Here is some OpenGL GLUT-based source code demonstrating projected textures used to cast a spotlight or a "35mm slide" onto arbitrary surfaces. An extra example shows how to use OpenGL's 3rd texture coordinate in cojunction with OpenGL's texture matrix to introduce "sifting" texture effects even in static textured geometry.
projtex.c texture.c texture.h
Here are some snapshots from the example:
This first snapshot shows a procedurally generated spotlight texture projected within a cube. The yellow lines show how the projection is done. Back face culling eliminates the exterior of the cube so that you can see "into" it. OpenGL's texture coordinate clamping is used to avoid replicating the spotlight. Check out:
In the snapshot below, the famous "mandrill" image is projected as if it were a 35mm slide onto the surface of the cube:
In the snapshot below, the same mandrill image is projected onto a dodecahedron (12 sided platonic solid):
In the snapshot below, the yellow projection lines are removed (in the images above, they were added simply to help you see the nature of the projection):
In the snapshot below, the spotlight texture is projected into the entire of a cube. Note that you can project the texture onto arbitrary geometry. Also, the spotlight texture in this case could be used to add in a Phong-style per-pixel shading effect simulating a specular highlight (far cheaper than actual per-pixel lighting calculations):
The program below used the 3rd texture coordinate to add a (seemingly non-linear) sifting effect to an otherwise completely static textured surface. The texture matrix is used to "sift" the 3rd texture coordinate into various vertices within the textured image's mesh to add a sifting effect much like that seen in Quake's murky waters. Here is the source code (requires GLUT, OpenGL, and Sam Leffler's libtiff):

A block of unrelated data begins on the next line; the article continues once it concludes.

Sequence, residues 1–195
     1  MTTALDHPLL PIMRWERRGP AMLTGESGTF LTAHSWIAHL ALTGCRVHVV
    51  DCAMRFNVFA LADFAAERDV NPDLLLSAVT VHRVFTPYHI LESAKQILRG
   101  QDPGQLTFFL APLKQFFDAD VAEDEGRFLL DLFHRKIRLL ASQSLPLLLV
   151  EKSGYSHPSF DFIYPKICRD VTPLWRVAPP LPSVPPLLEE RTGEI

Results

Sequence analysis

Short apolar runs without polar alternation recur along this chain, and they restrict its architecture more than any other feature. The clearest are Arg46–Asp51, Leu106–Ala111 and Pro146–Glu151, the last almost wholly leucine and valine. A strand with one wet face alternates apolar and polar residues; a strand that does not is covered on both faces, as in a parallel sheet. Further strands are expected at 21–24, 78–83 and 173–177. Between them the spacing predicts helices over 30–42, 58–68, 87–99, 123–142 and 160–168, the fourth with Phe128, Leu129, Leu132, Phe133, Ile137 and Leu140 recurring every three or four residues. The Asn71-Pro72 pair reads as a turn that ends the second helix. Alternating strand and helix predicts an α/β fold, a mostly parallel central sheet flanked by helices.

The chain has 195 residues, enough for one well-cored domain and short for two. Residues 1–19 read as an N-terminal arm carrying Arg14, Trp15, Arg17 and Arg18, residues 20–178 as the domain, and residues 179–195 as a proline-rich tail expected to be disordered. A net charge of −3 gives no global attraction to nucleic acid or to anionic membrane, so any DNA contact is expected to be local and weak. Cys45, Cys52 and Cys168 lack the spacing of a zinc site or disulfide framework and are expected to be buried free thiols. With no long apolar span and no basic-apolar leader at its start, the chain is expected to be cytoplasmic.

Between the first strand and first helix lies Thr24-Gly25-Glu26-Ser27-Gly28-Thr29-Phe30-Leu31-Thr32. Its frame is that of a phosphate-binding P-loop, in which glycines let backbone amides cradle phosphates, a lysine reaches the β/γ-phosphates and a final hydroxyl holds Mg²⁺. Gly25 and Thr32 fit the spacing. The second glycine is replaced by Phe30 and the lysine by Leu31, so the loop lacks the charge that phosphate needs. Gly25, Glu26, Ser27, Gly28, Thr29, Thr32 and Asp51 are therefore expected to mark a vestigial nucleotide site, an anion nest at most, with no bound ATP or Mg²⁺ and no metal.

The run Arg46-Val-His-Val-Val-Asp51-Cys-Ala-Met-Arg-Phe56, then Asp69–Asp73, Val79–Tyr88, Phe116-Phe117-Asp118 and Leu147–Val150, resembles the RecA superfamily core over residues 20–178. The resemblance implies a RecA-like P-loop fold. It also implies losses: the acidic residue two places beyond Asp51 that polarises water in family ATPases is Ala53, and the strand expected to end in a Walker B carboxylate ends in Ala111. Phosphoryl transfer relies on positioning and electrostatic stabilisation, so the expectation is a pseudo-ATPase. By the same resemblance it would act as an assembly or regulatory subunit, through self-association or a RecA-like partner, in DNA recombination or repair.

Here are some snapshots from the example. Be aware that no texture coordinates were updated by the application during each re-render. The only thing updated between each frame is adding a "sifting" effect to the texture matrix. The rendered geometry is actually completely static (captured in a display lists actually!).
People are good at detecting details in faces, and so facial distortions are particularly noticable:
(These distortions look much better when animated by the program instead of shown as static snapshots.)
See the tiffsift.c source code for more details of how the texture matrix is loaded to generate the distortions to the otherwise static geometry and texture coordinates used in the program.
The nice thing about using texture matrix to perform distortions is that when OpenGL's transformation stages are off-loaded to specialized hardware, the CPU does not need to alter the texture coordinates and thereby dirty its cache with updating values. When rendering large scenes with lots of objects, minimizing the amount of graphic data that must be massaged directly by the main CPU can be a big win.
While tiffsift.c does not demonstrate this, an even more interesting distortion effect could be achieved by using the texture matrix to combine in the 4th coordinate of the texture matrix since this can accomplish dynamic scaling of static texture coordinates. You might be able to accomplish something like the rippling effect in a pond this way.
Another use for texture coordinates beyond 2D is volume rendering. With 3D texture mapping, you can accomplish interactive volume rendering. In addition to its scientific applications, 3D texture mapping can be used to render materials with 3D texture such as craved wood grains or marbled objects. 3D textures are also good for rendering smoke and cloud effects. See the book Texturing and Modeling: A Procedural Approach for more details.
I hope this gives you some interesting ideas about the full generality of OpenGL's texture coordinate system. For more information, see the SIGGRAPH '92 paper "Fast Shadows and Lighting Effects Using Texture Mapping" by Segal, Korobkin, van Widenfelt, Foran, and Haeberli. Also, check out the glTexCord3f, glTexCord4f, glMatrixMode, and glTexGen* manual pages.
Also, here is a pointer to a note by Allen Akin and Mark Segal about projective texturing.
- Mark (firstname.lastname@example.org)